Motivation Statement: How can you contribute to CIMAM's mission and strategic goals by being a Member of the Board? (i.e strategy, membership, fundraising, governance, network in strategic regions, availability, knowledge or skills in a specific area):
I believe I can contribute to CIMAM’s vision by voicing the experience of cultural institutions, their history, conversations and challenges, in Latin America, a region that is not sufficiently represented at CIMAM. The region has a very rich and diverse tradition of art museums, both public and private, and many museum practices (curatorial, archival, and educational) developed in the region are not only relevant but innovative, they deserve to be acknowledged in the museum world. I have been very interested both as a curator and a Director in creating a regional network that broadens the interactions in the hemisphere, specially between Mexico and Central and South America.
Therefore, I think I can bring this vision and network to CIMAM and contribute in expanding the scope and strength of the organization, by making it more plural. I have skills in curating and organizing large scale conferences. During my directorship at MUAC in Mexico City, we have held three international conferences dedicated to relevant topics such as: The Digital Museum. Citizenship and Culture, Indigenous Contemporary Art from the Americas and Patrimony in a bit. Digital preservation of artistic and documentary archives. All of them were organized with different international partners that have brought long standing conversations and alliances, that have also changed and developed new programs at the museum. I can bring this vision to CIMAM, by contributing with questions regarding the role of museums in the current world and by bringing into the conversation the ideas of a young generation of museum professionals.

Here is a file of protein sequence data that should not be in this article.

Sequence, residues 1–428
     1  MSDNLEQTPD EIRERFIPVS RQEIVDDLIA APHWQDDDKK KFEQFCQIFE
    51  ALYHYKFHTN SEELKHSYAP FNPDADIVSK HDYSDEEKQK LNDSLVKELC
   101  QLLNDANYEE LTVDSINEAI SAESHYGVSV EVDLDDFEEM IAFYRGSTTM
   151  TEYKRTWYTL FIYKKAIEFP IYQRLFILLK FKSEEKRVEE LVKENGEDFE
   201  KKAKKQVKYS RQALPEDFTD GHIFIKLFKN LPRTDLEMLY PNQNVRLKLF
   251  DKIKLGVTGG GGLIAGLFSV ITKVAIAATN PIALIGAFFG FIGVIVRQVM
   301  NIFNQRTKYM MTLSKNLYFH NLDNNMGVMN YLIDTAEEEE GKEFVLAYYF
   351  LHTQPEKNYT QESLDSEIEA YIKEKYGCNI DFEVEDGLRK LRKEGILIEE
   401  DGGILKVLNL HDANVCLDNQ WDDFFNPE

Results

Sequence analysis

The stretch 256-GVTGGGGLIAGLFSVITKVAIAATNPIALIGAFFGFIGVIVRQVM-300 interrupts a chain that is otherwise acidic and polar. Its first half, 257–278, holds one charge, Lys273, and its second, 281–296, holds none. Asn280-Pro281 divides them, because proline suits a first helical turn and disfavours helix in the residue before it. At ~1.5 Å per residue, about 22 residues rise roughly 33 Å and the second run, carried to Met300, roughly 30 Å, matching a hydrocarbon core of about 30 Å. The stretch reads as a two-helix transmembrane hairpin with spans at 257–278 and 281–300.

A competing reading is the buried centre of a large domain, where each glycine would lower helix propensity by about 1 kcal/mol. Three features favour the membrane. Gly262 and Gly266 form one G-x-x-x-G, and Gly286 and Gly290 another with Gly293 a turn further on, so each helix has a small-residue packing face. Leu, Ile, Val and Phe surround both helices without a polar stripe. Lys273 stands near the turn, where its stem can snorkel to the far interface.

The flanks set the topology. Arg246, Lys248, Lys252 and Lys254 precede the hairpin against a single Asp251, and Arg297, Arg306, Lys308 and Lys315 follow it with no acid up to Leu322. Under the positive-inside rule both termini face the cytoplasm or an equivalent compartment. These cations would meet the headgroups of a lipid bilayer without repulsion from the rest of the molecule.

Describe briefly the expectations of your involvement as a CIMAM Board member and how you envision CIMAM's priorities in the next years:
I expect to have constant and active participation in the working groups and exchanging ideas with other colleagues. Rather than individual leadership I believe in collective thinking and imagination as the way to move forward for institutions, organizations, and even more in museums.
So I think the questions posed by CIMAM depart from these collective thinking and to its ability to discuss pressing issues that are relevant in this moment in history and in these challenging times. I think the priorities of CIMAM should be expanding its network to underrepresented regions, as well as continuing to voice the situation, problems and threats museums face, seeking to have even greater influence in this regard.
I also believe CIMAM should incorporate to its conferences and webinar topics such as gender, decolonialism, power asymmetries and organization models. It should also try to acknowledge the notion of scale and context, rather than a universal approach to museum work and struggles. And finally, I believe it might be necessary to develop a wider editorial branch that can compile the conversations held at the organization and its members.